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In: Word and Music Studies
In: The Metareferential Turn in Contemporary Arts and Media
In: The Metareferential Turn in Contemporary Arts and Media
In: The Metareferential Turn in Contemporary Arts and Media
In: The Metareferential Turn in Contemporary Arts and Media
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Abstract

This essay is a contribution to a new (or renewed) focus of interest observable in various disciplines, including – over the last few years – classical philology: an interest in the historical dimension of an important reception effect which representations in literature and many other media can elicit, namely ‘aesthetic illusion’ (frequently also termed differently, e.g., ‘immersion’). Aesthetic illusion is particularly difficult to ascertain for remote periods and cultures, for which empirical methods are inapplicable and where reception testimonies are scarce. However, there is indirect evidence in aesthetic theory, in rhetoric, and above all in certain artefacts and literary texts. After a clarification of the concept and term ‘aesthetic illusion’ and of the cultural-historical preconditions for its emergence, this essay discusses some evidence for the existence of aesthetic illusion in ancient ‘theory’ and literary practice (in Homer, Sophocles, and Heliodorus), including instances of a playful use of this phenomenon (in Pseudo-Homer and Aristophanes). All of this indicates that aesthetic illusion is not a recent phenomenon of the past few centuries but can be traced back to ancient cultures.

In: Taking Stock – Twenty-Five Years of Comparative Literary Research
In: Logiken strukturbildender Prozesse: Automatismen
Author:
One possible description of the contemporary medial landscape in Western culture is that it has gone ‘meta’ to an unprecedented extent, so that a remarkable ‘meta-culture’ has emerged. Indeed, ‘metareference’, i.e. self-reflexive comments on, or references to, various kinds of media-related aspects of a given medial artefact or performance, specific media and arts or the media in general is omnipresent and can, nowadays, be encountered in ‘high’ art and literature as frequently as in their popular counterparts, in the traditional media as well as in new media. From the Simpsons, pop music, children’s literature, computer games and pornography to the contemporary visual arts, feature film, postmodern fiction, drama and even architecture – everywhere one can find metareferential explorations, comments on or criticism of representation, medial conventions or modes of production and reception, and related issues. Within individual media and genres, notably in research on postmodernist metafiction, this outspoken tendency towards ‘metaization’ is known well enough, and various reasons have been given for it. Yet never has there been an attempt to account for what one may aptly term the current ‘metareferential turn’ on a larger, transmedial scale. This is what The Metareferential Turn in Contemporary Arts and Media: Forms, Functions, Attempts at Explanation undertakes to do as a sequel to its predecessor, the volume Metareference across Media (vol. 4 in the series ‘Studies in Intermediality’), which was dedicated to theoretical issues and transhistorical case studies. Coming from diverse disciplinary and methodological backgrounds, the contributors to the present volume propose explanations of impressive subtlety, breadth and depth for the current situation in addition to exploring individual forms and functions of metareference which may be linked with particular explanations. As expected, there is no monocausal reason to be found for the situation under scrutiny, yet the proposals made have in their compination a remarkable explanatory power which contributes to a better understanding of an important facet of current media production and reception. The essays assembled in the volume, which also contains an introduction with a detailed survey over the possibilities of accounting for the metareferential turn, will be relevant to students and scholars from a wide variety of fields: cultural history at large, intermediality and media studies as well as, more particularly, literary studies, music, film and art history.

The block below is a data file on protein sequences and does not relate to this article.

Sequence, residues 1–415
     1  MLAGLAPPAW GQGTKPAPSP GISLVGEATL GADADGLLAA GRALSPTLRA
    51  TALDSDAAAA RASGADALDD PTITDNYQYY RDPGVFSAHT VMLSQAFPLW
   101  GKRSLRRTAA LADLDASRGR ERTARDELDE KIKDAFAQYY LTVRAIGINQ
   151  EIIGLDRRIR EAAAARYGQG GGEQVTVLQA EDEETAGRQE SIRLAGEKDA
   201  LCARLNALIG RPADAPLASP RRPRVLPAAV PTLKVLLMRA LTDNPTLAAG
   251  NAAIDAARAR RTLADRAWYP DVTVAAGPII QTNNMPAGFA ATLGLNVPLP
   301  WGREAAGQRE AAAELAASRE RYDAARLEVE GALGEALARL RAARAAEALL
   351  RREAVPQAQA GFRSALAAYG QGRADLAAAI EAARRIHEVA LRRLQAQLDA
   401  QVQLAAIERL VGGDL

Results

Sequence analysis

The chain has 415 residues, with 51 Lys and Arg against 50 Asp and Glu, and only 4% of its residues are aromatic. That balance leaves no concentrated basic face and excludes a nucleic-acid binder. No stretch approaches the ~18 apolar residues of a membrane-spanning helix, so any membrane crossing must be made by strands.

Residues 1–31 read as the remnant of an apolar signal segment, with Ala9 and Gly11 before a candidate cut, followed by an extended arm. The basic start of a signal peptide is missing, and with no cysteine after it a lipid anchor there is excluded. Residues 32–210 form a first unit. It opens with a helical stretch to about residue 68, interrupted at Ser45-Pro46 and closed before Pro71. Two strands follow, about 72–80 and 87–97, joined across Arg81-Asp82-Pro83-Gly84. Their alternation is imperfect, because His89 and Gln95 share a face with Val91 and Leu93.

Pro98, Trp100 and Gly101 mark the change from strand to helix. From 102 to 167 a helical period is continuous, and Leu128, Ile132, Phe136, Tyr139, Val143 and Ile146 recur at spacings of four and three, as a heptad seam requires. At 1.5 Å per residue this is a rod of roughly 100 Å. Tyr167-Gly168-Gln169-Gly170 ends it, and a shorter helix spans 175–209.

Author:

Abstract

This essay is a contribution to a new (or renewed) focus of interest observable in various disciplines, including – over the last few years – classical philology: an interest in the historical dimension of an important reception effect which representations in literature and many other media can elicit, namely ‘aesthetic illusion’ (frequently also termed differently, e.g., ‘immersion’). Aesthetic illusion is particularly difficult to ascertain for remote periods and cultures, for which empirical methods are inapplicable and where reception testimonies are scarce. However, there is indirect evidence in aesthetic theory, in rhetoric, and above all in certain artefacts and literary texts. After a clarification of the concept and term ‘aesthetic illusion’ and of the cultural-historical preconditions for its emergence, this essay discusses some evidence for the existence of aesthetic illusion in ancient ‘theory’ and literary practice (in Homer, Sophocles, and Heliodorus), including instances of a playful use of this phenomenon (in Pseudo-Homer and Aristophanes). All of this indicates that aesthetic illusion is not a recent phenomenon of the past few centuries but can be traced back to ancient cultures.

In: Taking Stock – Twenty-Five Years of Comparative Literary Research
In: Immersion and Distance